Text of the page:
To many horse owners, purchasing hay has become science: Select the type of hay, grab a handful for the smell test, examine it for dust and mold and then feed it to the hungry horse awaiting for you at home. Many hay producers will be, or have already been harvesting hay and have started selling their product to horse owner consumers. But as hay purchasers we must be aware of a tiny, toxic and potentially fatal tagalong in some perfectly healthy-looking alfalfa hay bales – the blister beetle.
Blister beetles are from the Meloidae family so called for their defensive secretion of a blistering agent, cantharidin and come in many sizes, shapes and colours. There are about 7,500 known species worldwide. Cantharidin is a poisonous chemical that causes blistering of the skin and is highly toxic to horses. A few beetles consumed in a single feeding of alfalfa can be lethal.
Blister beetles tend to swarm to feed on alfalfa flowers and simply touching a blister beetle, either dead or alive, is enough to cause inflammation and blistering of a horse’s skin within hours of contact.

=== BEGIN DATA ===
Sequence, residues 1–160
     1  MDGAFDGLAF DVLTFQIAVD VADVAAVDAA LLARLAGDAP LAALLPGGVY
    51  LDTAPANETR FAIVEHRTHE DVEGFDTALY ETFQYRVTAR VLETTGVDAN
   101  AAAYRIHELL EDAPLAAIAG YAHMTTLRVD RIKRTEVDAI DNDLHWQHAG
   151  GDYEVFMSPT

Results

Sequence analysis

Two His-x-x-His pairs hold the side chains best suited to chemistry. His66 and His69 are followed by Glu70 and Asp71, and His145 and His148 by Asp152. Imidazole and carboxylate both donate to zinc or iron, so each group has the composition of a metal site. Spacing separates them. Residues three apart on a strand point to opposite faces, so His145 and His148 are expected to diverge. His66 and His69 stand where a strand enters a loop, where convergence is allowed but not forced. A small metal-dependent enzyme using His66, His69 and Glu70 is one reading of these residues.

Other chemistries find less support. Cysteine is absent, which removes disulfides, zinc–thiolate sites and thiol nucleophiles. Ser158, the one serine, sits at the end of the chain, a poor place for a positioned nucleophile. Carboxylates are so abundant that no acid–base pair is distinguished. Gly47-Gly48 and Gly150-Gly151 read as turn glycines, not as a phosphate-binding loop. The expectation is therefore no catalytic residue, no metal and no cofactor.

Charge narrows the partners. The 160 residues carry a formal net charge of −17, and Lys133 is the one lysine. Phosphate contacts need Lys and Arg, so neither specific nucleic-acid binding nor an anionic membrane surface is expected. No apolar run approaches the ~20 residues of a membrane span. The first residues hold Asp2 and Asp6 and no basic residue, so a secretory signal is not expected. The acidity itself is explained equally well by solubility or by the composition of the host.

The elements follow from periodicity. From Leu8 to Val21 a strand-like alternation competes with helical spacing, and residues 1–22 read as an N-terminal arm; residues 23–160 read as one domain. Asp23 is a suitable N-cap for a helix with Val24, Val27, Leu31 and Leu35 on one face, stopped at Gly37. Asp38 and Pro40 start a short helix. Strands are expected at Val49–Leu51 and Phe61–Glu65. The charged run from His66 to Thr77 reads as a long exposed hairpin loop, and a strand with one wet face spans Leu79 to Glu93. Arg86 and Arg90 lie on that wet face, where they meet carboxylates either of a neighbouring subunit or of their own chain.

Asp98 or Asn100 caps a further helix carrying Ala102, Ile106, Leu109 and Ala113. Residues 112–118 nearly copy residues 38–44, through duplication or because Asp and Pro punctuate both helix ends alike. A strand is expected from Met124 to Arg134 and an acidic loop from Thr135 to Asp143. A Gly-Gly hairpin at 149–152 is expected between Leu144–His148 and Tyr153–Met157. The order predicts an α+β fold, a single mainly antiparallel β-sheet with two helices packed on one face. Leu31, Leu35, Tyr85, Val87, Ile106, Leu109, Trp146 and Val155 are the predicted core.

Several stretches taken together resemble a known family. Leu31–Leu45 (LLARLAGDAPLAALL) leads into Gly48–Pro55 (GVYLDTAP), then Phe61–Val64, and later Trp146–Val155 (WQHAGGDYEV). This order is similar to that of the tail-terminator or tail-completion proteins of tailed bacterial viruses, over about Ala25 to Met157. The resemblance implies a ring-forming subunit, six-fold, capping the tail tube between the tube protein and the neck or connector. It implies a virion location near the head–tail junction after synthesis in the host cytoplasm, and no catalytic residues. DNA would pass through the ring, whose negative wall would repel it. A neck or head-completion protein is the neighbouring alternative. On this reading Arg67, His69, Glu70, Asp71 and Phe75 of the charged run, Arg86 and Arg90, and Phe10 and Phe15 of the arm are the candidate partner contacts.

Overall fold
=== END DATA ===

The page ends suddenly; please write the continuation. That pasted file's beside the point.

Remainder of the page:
If a horse ingests even a few beetles, the insects’ cantharidin can cause ulceration and inflammation of the mouth, stomach and intestines. Clinical signs including decreased appetite, frequent drinking and urination, colic, and depression can be apparent with hours. In the worst case scenario, ingesting these beetles can cause endotoxemia, shock and death within hours of ingestion.
If you suspect your horse has ingested blister beetles, immediately call your vet and most likely you will need to transport your horse to the nearest equine hospital for treatment. There is no specific antidote for blister beetle poisoning. Treatment is solely aimed at reducing absorption of the toxin by administering activated charcoal and mineral oil, intravenous fluids, gastrointestinal protectants and broad spectrum antibiotics.
So, before feeding your horse that bale of alfalfa hay, examine it carefully for the presence of blister beetles.